Game Freak is a household name in the gaming industry, predominantly recognized for its massively successful Pokémon series. Today, Pokémon stands as a towering franchise whose games have sold millions of copies and won hearts worldwide. However, long before they turned into a juggernaut, Game Freak experimented with varied game genres and platforms, generating lesser-known projects.
Among their earlier endeavors was Bushi Seiryuuden: Futari no Yuusha or "Warriors of the Blue Dragon Legend – The Two Heroes." Released in 1997, this title was a role-playing game (RPG) for the Super Nintendo Entertainment System (SNES) which, sadly, never reached an international audience.
Bushi Seiryuuden seemed akin to a Zelda-style action-adventure game to the uninitiated observer. It presented players with a top-down world where one could roam freely and interact with environments in ways reminiscent of cutting grass with a sword. When engaging non-player characters (NPCs), a first-person perspective takes over, whereas dungeon explorations or enemy encounters shift to a side-view reminiscent of "Zelda II: The Adventure of Link." Despite these sections feeling real-time, the game cleverly implemented a turn-based system which activated enemy movement only upon the main character's actions—similar to the mechanic found in the "Shiren the Wanderer" series.
The game included additional distinctive features, setting it apart from the conventional RPG mold. The protagonist had a monster ally named Wokuu who could lift them into the air, and the use of the "Heart Eye" permitted players to uncover hidden areas and gauge enemy strength.
Visually, Bushi Seiryuuden's character designs bore a striking resemblance to early Pokémon games—a resemblance that was no coincidence. Ken Sugimori, the celebrated artist responsible for the iconic Pokémon designs, had also worked on this endeavor. The connections to Pokémon extended beyond artwork, with famed series composer Junichi Masuda providing the musical score, and the game's direction being led by Satoshi Tajiri, Pokémon's creator.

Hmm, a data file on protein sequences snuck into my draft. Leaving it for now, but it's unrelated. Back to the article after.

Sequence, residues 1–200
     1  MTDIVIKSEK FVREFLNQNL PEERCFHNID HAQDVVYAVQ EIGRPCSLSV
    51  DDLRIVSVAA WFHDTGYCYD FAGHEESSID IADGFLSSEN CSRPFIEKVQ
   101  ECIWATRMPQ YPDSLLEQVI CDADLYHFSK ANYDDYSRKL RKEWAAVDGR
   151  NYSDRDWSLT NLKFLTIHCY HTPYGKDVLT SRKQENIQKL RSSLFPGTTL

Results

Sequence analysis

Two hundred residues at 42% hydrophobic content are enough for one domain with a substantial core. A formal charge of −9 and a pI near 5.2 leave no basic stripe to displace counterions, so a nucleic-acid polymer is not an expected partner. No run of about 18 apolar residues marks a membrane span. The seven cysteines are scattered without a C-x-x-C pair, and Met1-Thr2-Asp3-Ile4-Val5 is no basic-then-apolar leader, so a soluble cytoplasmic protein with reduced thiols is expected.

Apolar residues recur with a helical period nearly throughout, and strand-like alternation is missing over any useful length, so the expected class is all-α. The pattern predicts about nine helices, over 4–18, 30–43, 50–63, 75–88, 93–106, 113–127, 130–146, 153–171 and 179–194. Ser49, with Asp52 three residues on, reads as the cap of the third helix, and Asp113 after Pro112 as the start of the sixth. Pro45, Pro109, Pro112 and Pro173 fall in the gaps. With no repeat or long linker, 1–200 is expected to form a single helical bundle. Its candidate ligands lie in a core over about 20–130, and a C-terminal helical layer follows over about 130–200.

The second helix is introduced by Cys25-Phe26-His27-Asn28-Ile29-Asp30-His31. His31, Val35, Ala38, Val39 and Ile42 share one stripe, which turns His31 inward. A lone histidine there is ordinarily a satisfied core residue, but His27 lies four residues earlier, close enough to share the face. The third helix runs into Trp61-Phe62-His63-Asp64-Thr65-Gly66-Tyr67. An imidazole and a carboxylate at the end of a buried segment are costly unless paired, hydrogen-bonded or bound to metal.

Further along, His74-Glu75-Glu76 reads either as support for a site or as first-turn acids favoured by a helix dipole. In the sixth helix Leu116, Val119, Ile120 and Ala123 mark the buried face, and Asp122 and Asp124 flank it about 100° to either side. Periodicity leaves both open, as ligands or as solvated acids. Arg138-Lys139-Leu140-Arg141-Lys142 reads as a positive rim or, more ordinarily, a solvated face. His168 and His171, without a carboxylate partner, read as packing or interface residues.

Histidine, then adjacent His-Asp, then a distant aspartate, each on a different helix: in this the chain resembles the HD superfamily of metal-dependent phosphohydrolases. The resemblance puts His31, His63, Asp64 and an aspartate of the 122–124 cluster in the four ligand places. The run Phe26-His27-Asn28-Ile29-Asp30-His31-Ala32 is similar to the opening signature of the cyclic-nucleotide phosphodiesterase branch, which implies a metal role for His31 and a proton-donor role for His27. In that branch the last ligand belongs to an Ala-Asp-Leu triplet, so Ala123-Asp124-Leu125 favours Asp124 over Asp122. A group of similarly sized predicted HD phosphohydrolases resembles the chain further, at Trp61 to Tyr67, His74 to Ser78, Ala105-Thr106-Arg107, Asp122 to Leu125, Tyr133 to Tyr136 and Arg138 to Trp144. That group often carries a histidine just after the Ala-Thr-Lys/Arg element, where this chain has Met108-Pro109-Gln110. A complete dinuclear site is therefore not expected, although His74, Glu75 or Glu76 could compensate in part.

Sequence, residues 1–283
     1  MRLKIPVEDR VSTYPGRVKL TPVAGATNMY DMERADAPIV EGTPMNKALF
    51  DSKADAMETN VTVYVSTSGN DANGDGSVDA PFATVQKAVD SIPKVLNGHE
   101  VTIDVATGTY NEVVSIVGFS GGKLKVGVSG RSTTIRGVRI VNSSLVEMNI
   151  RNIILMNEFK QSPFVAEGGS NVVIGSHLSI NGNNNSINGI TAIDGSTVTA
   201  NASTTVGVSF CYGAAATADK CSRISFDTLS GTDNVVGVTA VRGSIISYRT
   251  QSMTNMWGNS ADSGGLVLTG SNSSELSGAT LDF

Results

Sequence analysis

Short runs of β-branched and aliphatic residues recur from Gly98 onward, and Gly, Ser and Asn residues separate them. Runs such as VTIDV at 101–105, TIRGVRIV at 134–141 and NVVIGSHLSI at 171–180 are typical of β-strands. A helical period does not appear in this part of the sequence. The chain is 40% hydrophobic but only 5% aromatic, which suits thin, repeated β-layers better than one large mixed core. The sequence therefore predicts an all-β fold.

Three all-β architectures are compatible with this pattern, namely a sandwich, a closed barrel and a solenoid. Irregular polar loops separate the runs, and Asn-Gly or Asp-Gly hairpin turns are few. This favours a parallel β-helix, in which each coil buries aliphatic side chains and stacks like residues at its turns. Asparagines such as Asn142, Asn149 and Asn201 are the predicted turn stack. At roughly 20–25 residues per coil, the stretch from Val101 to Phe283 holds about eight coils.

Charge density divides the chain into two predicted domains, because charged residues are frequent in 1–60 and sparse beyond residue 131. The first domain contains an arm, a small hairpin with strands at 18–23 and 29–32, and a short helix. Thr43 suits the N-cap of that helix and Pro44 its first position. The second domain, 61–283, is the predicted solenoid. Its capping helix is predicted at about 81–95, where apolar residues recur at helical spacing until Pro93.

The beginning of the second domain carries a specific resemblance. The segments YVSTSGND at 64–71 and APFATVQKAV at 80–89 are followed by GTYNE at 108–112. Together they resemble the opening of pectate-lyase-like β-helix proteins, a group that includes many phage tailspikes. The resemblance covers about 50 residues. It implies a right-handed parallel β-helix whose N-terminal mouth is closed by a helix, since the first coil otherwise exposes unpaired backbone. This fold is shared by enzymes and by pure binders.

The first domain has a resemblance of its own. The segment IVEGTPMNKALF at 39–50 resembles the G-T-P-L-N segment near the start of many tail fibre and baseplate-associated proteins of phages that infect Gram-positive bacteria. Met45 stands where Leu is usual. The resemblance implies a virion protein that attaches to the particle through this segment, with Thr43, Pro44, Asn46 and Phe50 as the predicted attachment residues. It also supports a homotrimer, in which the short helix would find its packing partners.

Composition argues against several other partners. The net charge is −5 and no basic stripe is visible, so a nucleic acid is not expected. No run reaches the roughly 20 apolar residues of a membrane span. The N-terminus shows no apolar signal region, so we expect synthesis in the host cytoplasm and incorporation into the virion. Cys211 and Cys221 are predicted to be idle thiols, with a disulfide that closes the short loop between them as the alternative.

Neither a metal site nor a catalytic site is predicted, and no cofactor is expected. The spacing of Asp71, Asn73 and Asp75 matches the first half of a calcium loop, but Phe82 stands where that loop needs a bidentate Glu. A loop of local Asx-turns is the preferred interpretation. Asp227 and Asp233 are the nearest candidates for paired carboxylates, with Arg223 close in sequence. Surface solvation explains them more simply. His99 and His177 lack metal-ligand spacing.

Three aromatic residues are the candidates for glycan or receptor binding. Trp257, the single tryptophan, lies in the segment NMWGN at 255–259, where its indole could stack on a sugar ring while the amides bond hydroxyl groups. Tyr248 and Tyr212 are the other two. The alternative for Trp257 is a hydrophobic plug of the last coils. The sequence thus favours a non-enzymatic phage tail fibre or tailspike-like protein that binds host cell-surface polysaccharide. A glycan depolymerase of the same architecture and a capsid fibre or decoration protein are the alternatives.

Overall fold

Despite their shared creative lineage, it would be an overstatement to claim Bushi Seiryuuden and Pokémon shared significant gameplay elements. Nonetheless, both games emanated from the same imaginative minds at Game Freak. Regrettably, this unique RPG's journey to Western markets was impeded by various obstacles. Game Freak had yet to establish its presence in the West because Pokémon had not been released, and publishing an obscure Super Famicom RPG in the wake of the Nintendo 64's debut in North America and Europe seemed unappealing.
Another barrier to Bushi Seiryuuden's broader release was its independence from Nintendo, unlike Pokémon, which Nintendo promoted. Early discussions suggested Enix would publish in Japan, but this plan failed to materialize, leaving the task to T&E Soft, a small-scale publisher focused on golf simulations and the Hydlide series.
Furthermore, the sheer volume of translation work needed for a Western release was daunting; it was not until 2021 that fans received a translation patch, indicative of the significant undertaking it represented.
Despite its inaccessibility and obscurity, Bushi Seiryuuden holds its place as an RPG with innovative ideas, warranting far more attention than it has received. Although it may not represent the pinnacle of SNES RPGs, it is nonetheless an essential part of Game Freak's history that showcases their potential beyond Pokémon.
After Pokémon Red and Blue hit the market in 1996, Game Freak's trajectory as a studio honed in on the Pokémon universe, allowing for only a few departures from the formula such as Drill Dozer and Giga Wrecker. Had Pokémon not achieved such incredible success, it's intriguing to consider the evolution Bushi Seiryuuden might have undergone.
For gaming history enthusiasts and RPG fans alike, Bushi Seiryuuden offers a fascinating dive into Game Freak's past and a snapshot of the creative energy that would eventually spawn one of the biggest gaming franchises in history. Now, armed with an English translation, this once-hidden gem steps into the light for the appreciation it deserves.
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